“We are turning more positive on the country overall on the extremely cheap valuation,” said David Gaud, a Hong Kong- based senior money manager at Rothschild, which oversees about $157 billion. Korean shares may return 20 percent in the next six months, he said. “The global cycle overall should improve and Korea should be an interesting proxy.”
The last time South Korean stocks were this inexpensive compared with global equities was January 2007, when the Kospi jumped 42 percent in six months and outperformed the MSCI All- Country index by 36 percentage points, monthly data compiled by Bloomberg show. The benchmark gauge for South Korea's $1.1 trillion market trades at an 18 percent discount versus its average price-to-book ratio of 1.2 during the past decade
Eoin Treacy's view The Asia
Dollar Index has dropped back to test the lower side of its more than two-year
range. The Index's short-term oversold condition mirrors the oversold condition
evident on a number of the region's stock markets where potential for some steadying
is increasing in what is an uncertain environment overall.
Against this background South Korea's relative performance has stood out. The Won has also been mostly rangebound for the last few years and has been particularly steady over the last few months. The Kospi Index has also been mostly rangebound, but found support above its June low last week and a sustained move below 1840 would be required to question current scope for additional higher to lateral ranging.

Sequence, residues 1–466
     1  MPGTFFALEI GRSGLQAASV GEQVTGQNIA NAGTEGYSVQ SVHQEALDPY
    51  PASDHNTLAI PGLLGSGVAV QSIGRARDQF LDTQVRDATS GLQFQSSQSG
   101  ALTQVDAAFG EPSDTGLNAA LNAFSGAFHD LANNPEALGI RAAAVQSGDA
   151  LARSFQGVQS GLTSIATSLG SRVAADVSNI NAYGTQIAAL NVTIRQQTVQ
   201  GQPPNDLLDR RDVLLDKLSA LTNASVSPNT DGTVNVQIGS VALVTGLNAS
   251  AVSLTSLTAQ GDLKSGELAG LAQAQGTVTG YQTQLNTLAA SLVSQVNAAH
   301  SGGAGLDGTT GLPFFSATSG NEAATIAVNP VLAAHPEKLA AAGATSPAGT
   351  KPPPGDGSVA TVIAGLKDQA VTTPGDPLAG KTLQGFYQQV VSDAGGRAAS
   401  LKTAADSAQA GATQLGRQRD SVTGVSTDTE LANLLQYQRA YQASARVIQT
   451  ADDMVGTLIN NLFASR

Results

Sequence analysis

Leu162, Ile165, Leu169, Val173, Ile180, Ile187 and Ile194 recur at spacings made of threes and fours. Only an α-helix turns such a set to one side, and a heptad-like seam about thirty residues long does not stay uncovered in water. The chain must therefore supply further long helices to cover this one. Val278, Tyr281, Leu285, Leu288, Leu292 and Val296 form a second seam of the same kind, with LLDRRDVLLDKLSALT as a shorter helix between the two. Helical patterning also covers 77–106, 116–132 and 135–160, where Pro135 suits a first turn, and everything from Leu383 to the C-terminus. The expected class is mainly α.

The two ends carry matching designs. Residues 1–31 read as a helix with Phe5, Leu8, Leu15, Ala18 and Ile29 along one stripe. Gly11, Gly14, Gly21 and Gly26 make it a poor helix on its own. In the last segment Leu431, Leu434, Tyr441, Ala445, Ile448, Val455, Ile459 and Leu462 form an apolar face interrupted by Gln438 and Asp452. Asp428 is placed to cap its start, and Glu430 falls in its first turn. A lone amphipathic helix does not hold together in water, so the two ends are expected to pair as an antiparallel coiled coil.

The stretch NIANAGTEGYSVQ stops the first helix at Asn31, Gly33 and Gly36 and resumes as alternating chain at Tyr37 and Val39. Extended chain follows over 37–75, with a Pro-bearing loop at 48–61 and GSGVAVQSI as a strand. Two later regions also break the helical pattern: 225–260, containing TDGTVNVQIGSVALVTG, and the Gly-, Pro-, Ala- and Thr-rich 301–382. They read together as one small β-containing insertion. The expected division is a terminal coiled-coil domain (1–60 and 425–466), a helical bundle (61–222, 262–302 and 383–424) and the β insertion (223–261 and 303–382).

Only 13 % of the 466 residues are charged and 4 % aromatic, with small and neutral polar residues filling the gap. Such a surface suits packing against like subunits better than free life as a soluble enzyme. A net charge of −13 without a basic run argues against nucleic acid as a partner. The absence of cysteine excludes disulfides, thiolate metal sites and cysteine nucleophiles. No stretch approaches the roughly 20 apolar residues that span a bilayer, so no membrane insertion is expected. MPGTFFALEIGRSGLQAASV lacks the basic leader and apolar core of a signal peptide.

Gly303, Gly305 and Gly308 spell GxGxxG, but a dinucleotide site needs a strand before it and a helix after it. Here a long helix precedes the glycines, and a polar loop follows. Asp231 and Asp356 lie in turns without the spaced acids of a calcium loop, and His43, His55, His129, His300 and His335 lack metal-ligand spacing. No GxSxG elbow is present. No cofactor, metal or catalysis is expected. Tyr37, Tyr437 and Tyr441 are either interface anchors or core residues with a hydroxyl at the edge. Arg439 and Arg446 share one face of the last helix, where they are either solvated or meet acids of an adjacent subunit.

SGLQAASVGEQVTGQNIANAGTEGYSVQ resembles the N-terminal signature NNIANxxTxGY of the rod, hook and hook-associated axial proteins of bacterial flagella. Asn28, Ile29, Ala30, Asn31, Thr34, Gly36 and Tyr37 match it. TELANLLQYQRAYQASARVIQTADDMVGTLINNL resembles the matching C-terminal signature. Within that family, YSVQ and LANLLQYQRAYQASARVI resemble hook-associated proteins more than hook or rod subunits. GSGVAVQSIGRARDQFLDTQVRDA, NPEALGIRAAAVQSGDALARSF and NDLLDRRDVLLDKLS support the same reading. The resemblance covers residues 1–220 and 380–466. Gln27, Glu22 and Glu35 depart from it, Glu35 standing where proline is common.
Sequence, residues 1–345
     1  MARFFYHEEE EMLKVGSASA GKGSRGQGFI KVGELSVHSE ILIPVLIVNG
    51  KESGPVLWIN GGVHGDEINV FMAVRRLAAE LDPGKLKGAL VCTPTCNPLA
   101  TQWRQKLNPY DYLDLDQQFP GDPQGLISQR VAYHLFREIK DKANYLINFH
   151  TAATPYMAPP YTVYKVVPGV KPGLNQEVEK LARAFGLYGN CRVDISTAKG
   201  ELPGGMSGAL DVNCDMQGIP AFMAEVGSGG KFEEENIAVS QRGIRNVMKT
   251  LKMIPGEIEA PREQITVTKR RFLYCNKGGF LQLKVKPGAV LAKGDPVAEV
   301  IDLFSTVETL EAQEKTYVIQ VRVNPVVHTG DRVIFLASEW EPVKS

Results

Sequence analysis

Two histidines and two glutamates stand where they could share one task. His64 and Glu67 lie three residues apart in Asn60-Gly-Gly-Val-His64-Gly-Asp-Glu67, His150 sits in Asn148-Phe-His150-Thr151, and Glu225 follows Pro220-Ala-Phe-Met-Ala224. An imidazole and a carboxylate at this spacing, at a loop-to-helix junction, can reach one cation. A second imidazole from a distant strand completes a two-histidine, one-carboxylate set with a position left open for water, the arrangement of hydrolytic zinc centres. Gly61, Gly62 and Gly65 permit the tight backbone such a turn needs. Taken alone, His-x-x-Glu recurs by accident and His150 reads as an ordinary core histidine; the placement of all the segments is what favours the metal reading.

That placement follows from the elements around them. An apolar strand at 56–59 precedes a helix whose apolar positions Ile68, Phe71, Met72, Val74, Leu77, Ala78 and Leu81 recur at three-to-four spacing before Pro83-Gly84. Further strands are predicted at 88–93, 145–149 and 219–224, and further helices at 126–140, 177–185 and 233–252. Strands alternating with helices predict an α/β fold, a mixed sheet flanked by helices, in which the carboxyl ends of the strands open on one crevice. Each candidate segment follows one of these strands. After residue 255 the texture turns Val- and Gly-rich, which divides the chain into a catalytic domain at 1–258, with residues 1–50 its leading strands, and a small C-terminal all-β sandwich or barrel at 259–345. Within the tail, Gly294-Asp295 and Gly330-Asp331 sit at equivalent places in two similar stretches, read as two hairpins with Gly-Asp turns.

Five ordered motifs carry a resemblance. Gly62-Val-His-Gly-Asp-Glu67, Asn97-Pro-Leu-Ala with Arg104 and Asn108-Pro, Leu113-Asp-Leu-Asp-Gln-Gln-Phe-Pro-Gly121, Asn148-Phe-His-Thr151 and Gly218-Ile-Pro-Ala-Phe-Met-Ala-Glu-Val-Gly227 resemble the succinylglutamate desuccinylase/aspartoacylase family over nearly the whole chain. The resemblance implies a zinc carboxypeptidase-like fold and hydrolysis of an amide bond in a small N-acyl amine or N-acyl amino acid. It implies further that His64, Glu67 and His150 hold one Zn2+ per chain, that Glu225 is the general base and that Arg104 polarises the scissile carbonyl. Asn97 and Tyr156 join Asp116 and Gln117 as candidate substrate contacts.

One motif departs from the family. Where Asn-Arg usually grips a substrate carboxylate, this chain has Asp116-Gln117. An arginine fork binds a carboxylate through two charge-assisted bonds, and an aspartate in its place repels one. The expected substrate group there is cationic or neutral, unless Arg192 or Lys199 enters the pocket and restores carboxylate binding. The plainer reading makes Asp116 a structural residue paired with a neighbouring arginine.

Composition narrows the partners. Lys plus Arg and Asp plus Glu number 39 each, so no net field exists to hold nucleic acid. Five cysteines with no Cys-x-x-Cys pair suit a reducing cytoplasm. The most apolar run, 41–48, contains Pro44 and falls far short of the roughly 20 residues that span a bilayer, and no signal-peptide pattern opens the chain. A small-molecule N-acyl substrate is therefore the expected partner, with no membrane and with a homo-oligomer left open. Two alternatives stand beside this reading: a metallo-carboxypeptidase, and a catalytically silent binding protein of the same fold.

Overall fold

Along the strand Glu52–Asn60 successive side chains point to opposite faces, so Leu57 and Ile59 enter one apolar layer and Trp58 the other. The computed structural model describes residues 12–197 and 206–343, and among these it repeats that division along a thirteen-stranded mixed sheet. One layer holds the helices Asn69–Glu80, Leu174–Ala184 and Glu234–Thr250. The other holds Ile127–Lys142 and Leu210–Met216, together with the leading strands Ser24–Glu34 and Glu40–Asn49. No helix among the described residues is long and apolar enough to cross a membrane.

Among some of South Korea's more internationally oriented companies Kia Motors (P/E 12.32, Est. P/E 6.63, DY 1%) found support in the region of KRW50,000 from February and has held a progression of higher reaction lows since April.
Hyundai Motors (P/E 13.02, Est. P/E 6.05, DY 0.79%) has also held a progression of higher reaction lows since April and has rallied to break the previous yearlong downtrend.
Samsung Electronics (P/E 10.32, DY 0.61%) pulled back sharply in June but found at least near-term support in the region of KRW1.2million and a sustained move below that level would be required to question potential for additional upside. Samsung also has a UK listed on the International Exchange.
On clicking through charts for the Autonomies this morning, the above three shares stood out because they have already posted declines and experienced valuation contraction. What was perhaps more relevant is how many US and European shares have pulled back to test their 200-day MAs and have yet to demonstrate a return to demand dominance.
Kimberly Clark (Est. P/E 16.29, DY3.42%) stood out as an example. The share found support in the region of the 2003 lows in early 2009 and rallied impressively to post new all-time highs by early 2012. It had become quite overextended relative to the 200-day MA by March and has now pulled back to test the region of the 200-day MA, posting its largest reaction in more than four years in the process. A clear upward dynamic will be required to indicate a return of demand in this area but even then the most likely scenario is for a period of support building which could stretch into the medium term.